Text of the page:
Journalists Share Indelible Memories, Images From Tsunami – ABC News

Some 230,000 people were killed in the Indian Ocean tsunami set off by a magnitude 9.1 earthquake on Dec. 26, 2004. A dozen countries were hit, from Indonesia to India to Africa’s east coast. Scores of Associated Press journalists covered the disaster, and as the 10th anniversary approached, the AP asked 10 of them to describe the images that have stuck with them the most:

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Jerry Harmer, AP’s editor for video in Indochina, based in Bangkok, reported on the tsunami from Khao Lak, Thailand:

Forty-eight hours after the tsunami, I was on the beach at Khao Lak, where thousands of holidaymakers and locals died. I recorded rescue workers retrieving the corpses that were still strewn across the sand.

As I followed one squad toward an outcrop of rock, I saw a man’s body dangling from a jumble of uprooted trees. A trunk was wedged under his shoulders and his arms were spread across it. He looked as if he’d been crucified.

The image has stayed with me. It seemed extraordinarily emblematic of the suffering that had engulfed the coastline not just of Thailand, but many other countries too.

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Dita Alangkara, a photographer based in Jakarta, Indonesia, viewed the worst of the tsunami in the country’s Aceh region:

When my plane made an approach to land, the view from the window was shocking. It was even more jaw-dropping from the ground. As far as I could see, the city was totally flattened. Almost no buildings were spared from the killer waves. Dead bodies littered the street, stuck on tall trees. Some were eaten by dogs. It was so depressing.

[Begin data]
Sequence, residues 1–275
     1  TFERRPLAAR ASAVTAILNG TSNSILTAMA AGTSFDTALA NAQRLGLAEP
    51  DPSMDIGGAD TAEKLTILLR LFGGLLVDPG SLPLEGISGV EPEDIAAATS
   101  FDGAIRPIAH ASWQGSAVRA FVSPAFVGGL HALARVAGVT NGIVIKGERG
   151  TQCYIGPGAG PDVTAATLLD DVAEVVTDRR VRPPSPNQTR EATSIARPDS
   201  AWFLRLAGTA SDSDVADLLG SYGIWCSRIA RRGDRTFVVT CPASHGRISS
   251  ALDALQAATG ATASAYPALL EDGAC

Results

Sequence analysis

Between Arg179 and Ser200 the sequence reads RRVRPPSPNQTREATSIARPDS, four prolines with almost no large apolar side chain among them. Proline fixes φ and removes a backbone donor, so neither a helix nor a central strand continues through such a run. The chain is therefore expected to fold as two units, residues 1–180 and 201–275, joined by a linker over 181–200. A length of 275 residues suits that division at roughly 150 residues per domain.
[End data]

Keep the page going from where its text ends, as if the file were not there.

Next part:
The image that stuck with me most was the mass grave.

Not until the following week did the crippled authority start to get organized and collect the bodies to bury them in the hastily dug grave. No matter how hard they worked, there were just too many bodies. There was only one helpless excavator that couldn’t keep up with the flow. This left the bodies piled up untouched for days, maybe even weeks. It reeked of rotting flesh.

As far as I can recall, it took a month for enough help to arrive to handle the bodies properly.

Seeing hundreds of dead bodies every day just made me appreciate life more, the air that I breathe and also the sun that I always complain about because it’s too hot here where I live. That assignment brought me back to the reality that I have everything I need. … After that assignment, everything looked so precious.

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Tassanee Vejpongsa, a video journalist based in Taipei, Taiwan, covered the disaster in Phuket, Thailand:

We had just finished our last feed as the sun started to rise. It had been a long night of coverage of what was appearing to be an incredible natural disaster spread over South Asia. One day had passed since the massive tsunami waves crushed the famed beach resorts of Phuket, when we started to hear about the quiet beach town of Khao Lak just to the north.

As my car drove down toward Khao Lak, I stared out the window at the vast stretch of beach. This normally dreamy beach of white sand and saggy coconut trees was lined with colored debris and wreckage as far as my eyes could see. Such a colorful mess, I thought.

Our driver slowed the car, seeming to realize as I was, that this color was not garbage or wreckage, but bodies. The bodies of tourists, wrapped in the festive colors anyone might wear to a beach holiday. Bright yellows and deep reds, swimsuits and sundresses.

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